In 2010, the Dutch part became an independent country, though still closely linked to the Netherlands, and part of the Kingdom of the Netherlands. The French part became disconnected from Guadeloupe, and has now the status of a French community.

 The original article can be found here: http://www.sint-maarten.net/St-Maarten-History/st_Maarten_history.html


Site Disclaimer


The Carnevale Network is a Member Of the AfterDark Network.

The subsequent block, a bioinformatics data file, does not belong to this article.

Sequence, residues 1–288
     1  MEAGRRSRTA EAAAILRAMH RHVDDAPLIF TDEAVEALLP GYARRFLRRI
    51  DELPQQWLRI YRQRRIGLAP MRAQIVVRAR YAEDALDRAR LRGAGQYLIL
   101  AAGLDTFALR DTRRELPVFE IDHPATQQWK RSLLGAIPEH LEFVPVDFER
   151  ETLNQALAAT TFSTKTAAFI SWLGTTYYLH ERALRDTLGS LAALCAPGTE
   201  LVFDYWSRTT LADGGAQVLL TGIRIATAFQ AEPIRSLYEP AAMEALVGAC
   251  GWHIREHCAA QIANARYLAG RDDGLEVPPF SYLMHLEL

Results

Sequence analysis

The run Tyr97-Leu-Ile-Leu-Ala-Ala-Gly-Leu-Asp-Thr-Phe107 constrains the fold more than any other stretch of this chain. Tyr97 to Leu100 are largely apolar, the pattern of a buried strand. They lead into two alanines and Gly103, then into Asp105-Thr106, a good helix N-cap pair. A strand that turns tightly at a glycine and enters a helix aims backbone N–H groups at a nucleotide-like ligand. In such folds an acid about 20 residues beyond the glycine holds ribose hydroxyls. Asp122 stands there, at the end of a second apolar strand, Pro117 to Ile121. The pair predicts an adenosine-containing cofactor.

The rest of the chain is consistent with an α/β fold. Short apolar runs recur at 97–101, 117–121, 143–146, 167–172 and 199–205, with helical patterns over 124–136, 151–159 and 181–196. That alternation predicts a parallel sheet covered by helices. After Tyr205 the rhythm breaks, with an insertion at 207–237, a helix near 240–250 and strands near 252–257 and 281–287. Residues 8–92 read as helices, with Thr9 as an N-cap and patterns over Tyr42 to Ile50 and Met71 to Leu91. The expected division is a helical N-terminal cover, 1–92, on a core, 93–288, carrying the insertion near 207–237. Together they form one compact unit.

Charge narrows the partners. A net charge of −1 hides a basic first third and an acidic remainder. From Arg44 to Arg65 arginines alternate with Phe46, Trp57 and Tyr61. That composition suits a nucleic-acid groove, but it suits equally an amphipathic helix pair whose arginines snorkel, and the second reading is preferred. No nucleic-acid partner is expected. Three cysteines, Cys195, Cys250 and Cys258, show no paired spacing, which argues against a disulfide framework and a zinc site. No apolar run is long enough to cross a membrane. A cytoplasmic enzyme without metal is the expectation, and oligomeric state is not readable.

All images and content (C) the original authors.

Contact Us

Contact Us

We're excited to hear from you!

You can contact us via our Contact Page. If you'd prefer to give us a ring you can always call us at:

Our Address

, ,

Get Social

We use cookies to improve our website and your experience when using it. Cookies used for the essential operation of the site have already been set. To find out more about the cookies we use and how to delete them, see our privacy policy.

I accept cookies from this site.

EU Cookie Directive Module Information